I am appalled that as of now, most usually there are none of those things offered, not explained to parents when their child is diagnosed with autism.  Usually, there is meds offered for 'behaviors' but nothing in the way of how to help the person with autism, or the family live a functional life.  Some people research and figure it out for themselves if they have the ability to do so.  Others, have the resources to buy the help they need.  I am appalled that there are few educational supports that are reliable for children in a country like ours.  There is no reason that parents should be as afraid as I know most of you out there reading this are, to send our kids to school everyday.  This isn't the fault of autism.  This is about stepping up and taking care of each other as humans.  Disability will always be a part of society and what it means to be a part of the human race.  There is no changing it.  We must learn to advocate and have compassion for others that are different from us.  I don't want other's pity.  Pity helps no one.  I want understanding.  I want equality, not tolerance.  I don't want my boys 'tolerated'.  No.  I want them valued. I think that in the future with enough advocacy we can possibly achieve this goal.  Maybe, with some of the deficits addressed with autism there might be more room to see the potential.

Monday, January 16, 2012

Movies Featuring Autism and Other Disabilities Part 2:

Here is part two of Movies and TV programs featuring disabilitiesThis one mostly has movies/programs that are not about autism, since part 1 mostly featured autism. Stay tuned for part 3, and possibly 4!

As Good As It Gets

At First Sight


Hear And Now

Deaf Me - Silently Changing the World 


Independent Lens | Lives Worth Living | Clip 1 | PBS 


A Dog's Life

I'm An Artist

A Beautiful Mind

Little Man Tate


Bubble Boy


The Elephant Man


Sunday, January 8, 2012

Oh No. Here We Go Again...

I'm seeing a lot of posts and tweets about the new upcoming series on Fox called Touch .  I haven't seen many critical reviews of what I see is a horrible representation of autism.  People complain about Rainman being referenced to autism, but like this?  I don't get it.  Autism is not a shell.  Autistic people are not paranormal changelings, indigo people, bridges to higher otherworldly knowledge, witches, magical, or any other mythical being.  We are human.  Nonverbal autistics are not mute angels sent here as prophets with otherworldy messages.  If you don't know what damage this sort of TV program can do, please do a google search for autism and witches, or autism and paranormal, or autism and clairvoyant, or autism and psychic.  Expect these results to be more common after this show airs.  When I meet someone in the supermarket I do not want Touch to be what they think of when they see my nonverbal son.  I thought we left that awful stereotyping back on the 90's with movies like Mercury Rising.  I'm really concerned with the odd ideas this show is gonna put into people's minds about autism. I do understand that this is a fictional program that is depicting a fictional scenario, but is those without any idea as to what autism is going to fully grasp that?  That's my concern.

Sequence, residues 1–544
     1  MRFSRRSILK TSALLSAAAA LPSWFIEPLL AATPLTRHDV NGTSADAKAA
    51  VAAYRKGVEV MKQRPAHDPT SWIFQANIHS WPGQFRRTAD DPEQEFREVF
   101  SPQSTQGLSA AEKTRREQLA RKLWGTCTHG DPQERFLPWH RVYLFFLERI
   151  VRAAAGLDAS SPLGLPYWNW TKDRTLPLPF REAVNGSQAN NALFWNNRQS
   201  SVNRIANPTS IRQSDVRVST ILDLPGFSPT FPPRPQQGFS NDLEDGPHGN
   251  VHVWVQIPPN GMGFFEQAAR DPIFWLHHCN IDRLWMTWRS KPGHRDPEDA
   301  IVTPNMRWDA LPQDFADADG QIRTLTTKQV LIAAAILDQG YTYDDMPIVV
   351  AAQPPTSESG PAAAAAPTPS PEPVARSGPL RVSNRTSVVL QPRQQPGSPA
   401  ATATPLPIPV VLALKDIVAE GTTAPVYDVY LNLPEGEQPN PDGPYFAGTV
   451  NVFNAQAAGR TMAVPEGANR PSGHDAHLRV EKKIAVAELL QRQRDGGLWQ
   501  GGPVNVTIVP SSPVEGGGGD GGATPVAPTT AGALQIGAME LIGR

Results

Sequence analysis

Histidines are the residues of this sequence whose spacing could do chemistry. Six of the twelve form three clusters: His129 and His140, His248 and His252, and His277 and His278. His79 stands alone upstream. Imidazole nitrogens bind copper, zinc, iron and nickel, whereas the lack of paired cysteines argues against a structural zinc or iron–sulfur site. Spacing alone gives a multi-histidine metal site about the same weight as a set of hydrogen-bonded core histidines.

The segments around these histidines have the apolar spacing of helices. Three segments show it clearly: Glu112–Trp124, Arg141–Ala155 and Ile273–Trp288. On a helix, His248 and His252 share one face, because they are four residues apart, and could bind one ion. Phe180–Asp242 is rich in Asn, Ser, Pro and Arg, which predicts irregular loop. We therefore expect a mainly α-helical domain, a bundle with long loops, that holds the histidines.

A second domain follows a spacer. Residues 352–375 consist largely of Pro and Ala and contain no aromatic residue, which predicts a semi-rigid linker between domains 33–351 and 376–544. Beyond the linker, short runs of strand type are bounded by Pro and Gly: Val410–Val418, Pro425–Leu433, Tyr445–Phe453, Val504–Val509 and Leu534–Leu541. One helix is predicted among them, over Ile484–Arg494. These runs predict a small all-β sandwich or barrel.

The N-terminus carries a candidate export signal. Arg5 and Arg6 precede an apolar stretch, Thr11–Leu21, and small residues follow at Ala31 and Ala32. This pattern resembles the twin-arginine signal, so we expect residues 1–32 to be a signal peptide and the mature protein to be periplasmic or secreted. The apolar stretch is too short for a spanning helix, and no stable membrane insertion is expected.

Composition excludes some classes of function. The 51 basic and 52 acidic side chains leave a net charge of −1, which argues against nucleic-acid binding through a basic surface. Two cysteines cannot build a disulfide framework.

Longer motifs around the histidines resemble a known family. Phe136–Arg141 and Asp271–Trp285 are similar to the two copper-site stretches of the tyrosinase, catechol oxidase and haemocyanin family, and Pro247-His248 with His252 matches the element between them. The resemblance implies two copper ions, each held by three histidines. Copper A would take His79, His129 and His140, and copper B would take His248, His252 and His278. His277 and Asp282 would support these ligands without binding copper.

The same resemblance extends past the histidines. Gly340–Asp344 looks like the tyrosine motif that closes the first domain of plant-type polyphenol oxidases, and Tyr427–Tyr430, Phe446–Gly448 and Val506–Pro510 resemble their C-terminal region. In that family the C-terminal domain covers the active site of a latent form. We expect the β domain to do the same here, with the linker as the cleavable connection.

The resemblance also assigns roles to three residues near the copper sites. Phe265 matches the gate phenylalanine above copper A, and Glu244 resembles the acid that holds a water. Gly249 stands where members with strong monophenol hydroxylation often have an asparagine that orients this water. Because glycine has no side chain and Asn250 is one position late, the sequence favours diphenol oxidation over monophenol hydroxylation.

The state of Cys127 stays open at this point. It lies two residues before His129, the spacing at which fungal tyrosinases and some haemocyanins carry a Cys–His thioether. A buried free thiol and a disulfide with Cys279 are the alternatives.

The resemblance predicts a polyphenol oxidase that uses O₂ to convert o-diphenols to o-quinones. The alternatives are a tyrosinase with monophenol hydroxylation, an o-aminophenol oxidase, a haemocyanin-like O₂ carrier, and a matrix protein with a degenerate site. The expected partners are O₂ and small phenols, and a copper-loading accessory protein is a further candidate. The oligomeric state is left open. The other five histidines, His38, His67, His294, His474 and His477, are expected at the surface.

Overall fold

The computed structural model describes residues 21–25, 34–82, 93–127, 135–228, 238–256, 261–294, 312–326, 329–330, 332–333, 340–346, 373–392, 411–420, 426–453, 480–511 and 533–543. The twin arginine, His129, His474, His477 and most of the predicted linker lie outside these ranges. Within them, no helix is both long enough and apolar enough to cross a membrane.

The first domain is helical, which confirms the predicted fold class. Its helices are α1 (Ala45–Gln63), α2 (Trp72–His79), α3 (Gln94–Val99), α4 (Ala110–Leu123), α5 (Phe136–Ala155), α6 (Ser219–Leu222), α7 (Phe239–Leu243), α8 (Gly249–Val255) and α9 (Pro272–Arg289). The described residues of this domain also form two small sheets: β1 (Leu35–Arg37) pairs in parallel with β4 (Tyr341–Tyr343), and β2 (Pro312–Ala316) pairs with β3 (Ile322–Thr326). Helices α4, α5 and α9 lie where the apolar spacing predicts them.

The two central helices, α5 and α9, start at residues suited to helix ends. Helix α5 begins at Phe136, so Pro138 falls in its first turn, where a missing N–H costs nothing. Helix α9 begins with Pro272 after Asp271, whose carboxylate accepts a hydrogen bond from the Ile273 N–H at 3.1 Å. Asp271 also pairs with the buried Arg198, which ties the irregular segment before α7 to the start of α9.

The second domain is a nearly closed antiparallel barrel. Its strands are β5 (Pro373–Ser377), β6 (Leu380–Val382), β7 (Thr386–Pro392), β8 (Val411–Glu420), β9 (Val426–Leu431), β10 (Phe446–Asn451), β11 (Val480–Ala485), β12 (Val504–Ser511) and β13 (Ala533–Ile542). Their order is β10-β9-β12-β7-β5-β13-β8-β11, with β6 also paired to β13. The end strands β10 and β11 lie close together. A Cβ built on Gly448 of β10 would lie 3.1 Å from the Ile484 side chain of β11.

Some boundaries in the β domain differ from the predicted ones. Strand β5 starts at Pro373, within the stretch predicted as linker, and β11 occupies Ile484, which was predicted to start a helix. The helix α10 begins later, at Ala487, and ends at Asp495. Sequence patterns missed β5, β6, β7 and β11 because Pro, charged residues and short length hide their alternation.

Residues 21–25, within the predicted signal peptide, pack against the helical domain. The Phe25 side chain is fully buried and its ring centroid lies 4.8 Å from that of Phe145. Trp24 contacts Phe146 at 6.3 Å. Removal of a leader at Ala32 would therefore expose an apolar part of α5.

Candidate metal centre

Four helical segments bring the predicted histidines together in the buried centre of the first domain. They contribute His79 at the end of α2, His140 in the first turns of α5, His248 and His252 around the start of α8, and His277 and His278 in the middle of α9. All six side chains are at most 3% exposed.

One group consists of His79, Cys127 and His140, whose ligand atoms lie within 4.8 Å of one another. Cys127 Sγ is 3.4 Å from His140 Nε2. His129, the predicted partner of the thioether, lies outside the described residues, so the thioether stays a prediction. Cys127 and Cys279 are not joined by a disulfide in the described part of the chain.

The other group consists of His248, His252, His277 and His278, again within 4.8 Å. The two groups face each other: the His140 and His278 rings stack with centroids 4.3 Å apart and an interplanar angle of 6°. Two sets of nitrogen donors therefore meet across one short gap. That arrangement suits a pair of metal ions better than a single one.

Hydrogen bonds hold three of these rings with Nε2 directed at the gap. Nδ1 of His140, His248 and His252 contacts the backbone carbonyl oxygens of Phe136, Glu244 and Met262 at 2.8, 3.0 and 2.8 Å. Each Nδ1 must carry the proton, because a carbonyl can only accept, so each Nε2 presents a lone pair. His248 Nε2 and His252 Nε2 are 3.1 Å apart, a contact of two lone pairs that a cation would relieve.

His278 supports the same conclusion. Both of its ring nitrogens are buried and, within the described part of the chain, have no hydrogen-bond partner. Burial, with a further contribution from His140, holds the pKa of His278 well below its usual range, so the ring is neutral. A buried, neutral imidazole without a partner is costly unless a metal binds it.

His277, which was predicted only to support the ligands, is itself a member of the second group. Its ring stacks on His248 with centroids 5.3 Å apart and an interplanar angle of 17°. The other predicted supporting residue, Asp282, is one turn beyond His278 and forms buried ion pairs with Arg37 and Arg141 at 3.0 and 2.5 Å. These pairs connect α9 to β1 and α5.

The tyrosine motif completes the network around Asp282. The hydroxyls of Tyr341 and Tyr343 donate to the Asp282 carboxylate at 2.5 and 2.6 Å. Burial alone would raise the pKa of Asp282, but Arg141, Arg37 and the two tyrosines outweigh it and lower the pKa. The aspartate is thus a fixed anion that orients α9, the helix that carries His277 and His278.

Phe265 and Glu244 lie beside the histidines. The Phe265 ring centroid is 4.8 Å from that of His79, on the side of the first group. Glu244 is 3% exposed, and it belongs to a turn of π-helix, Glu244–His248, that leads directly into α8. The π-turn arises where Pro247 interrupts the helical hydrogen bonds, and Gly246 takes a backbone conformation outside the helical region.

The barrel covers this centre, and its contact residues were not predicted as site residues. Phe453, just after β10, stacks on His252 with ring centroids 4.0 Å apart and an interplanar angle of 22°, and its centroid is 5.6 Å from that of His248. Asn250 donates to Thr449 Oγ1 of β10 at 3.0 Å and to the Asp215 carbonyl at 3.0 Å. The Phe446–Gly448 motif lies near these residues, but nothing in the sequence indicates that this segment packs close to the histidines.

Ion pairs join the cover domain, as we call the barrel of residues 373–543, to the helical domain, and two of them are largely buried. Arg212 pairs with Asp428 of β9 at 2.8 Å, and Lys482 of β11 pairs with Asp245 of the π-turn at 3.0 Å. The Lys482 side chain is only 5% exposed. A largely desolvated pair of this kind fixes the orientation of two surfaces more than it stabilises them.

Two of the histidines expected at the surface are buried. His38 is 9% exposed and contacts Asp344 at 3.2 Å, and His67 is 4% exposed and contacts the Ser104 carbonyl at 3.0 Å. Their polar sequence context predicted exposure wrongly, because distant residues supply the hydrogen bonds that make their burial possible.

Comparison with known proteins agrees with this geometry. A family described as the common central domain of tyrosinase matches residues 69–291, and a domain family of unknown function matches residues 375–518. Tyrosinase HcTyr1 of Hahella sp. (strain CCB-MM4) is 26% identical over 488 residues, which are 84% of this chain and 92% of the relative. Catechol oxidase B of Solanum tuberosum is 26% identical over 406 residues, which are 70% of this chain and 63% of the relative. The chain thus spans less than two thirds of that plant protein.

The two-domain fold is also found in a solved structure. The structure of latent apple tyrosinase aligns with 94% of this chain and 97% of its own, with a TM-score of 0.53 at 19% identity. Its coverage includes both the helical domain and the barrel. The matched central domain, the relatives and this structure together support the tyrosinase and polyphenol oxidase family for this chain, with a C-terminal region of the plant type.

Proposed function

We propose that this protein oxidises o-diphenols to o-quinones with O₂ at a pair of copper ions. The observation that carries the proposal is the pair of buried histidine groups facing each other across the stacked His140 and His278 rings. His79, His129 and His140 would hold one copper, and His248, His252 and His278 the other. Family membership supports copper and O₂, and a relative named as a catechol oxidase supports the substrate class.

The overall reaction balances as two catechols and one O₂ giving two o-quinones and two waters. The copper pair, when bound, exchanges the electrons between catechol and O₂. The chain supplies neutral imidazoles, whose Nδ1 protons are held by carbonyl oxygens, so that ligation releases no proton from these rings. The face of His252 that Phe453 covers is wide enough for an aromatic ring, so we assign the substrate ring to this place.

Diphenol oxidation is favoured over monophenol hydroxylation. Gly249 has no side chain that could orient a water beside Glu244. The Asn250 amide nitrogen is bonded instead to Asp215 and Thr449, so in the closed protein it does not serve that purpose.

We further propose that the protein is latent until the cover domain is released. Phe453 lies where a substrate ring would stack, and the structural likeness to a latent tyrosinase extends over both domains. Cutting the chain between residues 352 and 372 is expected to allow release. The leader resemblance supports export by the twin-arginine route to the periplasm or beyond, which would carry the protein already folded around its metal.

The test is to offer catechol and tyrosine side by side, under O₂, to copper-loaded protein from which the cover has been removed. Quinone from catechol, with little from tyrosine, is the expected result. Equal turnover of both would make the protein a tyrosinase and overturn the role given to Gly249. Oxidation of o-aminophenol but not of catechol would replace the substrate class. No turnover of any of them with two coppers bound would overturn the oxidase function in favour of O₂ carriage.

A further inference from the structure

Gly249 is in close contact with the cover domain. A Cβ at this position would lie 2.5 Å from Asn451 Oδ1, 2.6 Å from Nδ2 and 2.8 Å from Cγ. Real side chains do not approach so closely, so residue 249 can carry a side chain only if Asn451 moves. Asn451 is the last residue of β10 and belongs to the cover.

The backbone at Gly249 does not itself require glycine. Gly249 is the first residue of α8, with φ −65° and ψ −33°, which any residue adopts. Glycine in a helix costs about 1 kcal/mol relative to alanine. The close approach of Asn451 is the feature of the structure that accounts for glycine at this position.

Edited to add this link as an example of what I'm talking about:

Saturday, January 7, 2012

Sensory Solutions Part One:

In the next few entries I'd like to talk about the sensory system , sensory processing issues , and some solutions for these things that can commonly occur in people with neurological differences.  This will probably be a two or three part series, so that I can cover the topic thoroughly.  It's such an important area to address when dealing with disorders such as autism, asperger's and sometimes ADHD.  If we can get the sensory system operating optimally so many of what parents and clinicians call 'behaviors' would disappear.

The sensory system is a wonderful mechanism allowing us to process the world in our own private way.  We all have experiences in the sensory realm that is individual to us at any given moment.  We seek these experiences out, and are often equated to the feeling of what it means to be alive.  Memories are even stored around this information.  A certain smell of perfume, or sound of a song, or taste of dessert can bring us back in time years ago.  This is how potent and important our sensory experiences are to us as human beings.  However, as much as we put a high value on seeking out pleasant sensory experiences, it's equally unpleasant when our sensory systems don't work correctly.  We can get too much information at once making us feel attacked by our environment, or not enough information leading us to feel out of sorts and needing some input from our surroundings.

There are five sub-systems that make up  our sensory system:

1. Visual: This is the system in which allows us to visually interpret the world around us.

2. Auditory: the sense of hearing

3.  Somatosensory: This is the complex system we use to process touch. This one is the most diverse system we have, as it affects how we interpret  temperature, pain, body position, and tactile perceptions.

4. Gustatory: This is the system that processes taste such as, sweet, bitter, sour, salty, and umami (which is a Japanese word meaning savory, or to describe a particularly delicious food)

5. Olfactory: or sense of smell

Sometimes, when the nervous system interprets signals differently or in an unorganized way our experience of the world gets out of whack.  Our response to certain smells, sounds, and sights as well as textures can feel like torture.  This is considered hypersensitivity.  When the environment does not provide enough input via our sensory system it's called hyposensitive.  From what I've noticed kids on the more severe end of the autism spectrum seem to be hyposensitive to sensory stimuli.  Their day is usual filled with self stimulatory (stims) activities designed to provide them  with the sensory input that they crave to feel comfortable.  Although, most people on the spectrum have varying degrees of being hyper and hypo-sensitive with different senses at different times. In order to help people with Sensory Processing Disorder a sensory diet may be implemented.  It's always best to consult with an Occupational Therapist to develop a plan to suit your child best, but that is not always possible for everyone.  I'll be sharing tips, as well as different tools to help develop a workable sensory diet for anyone needing help maintaining their sensory system.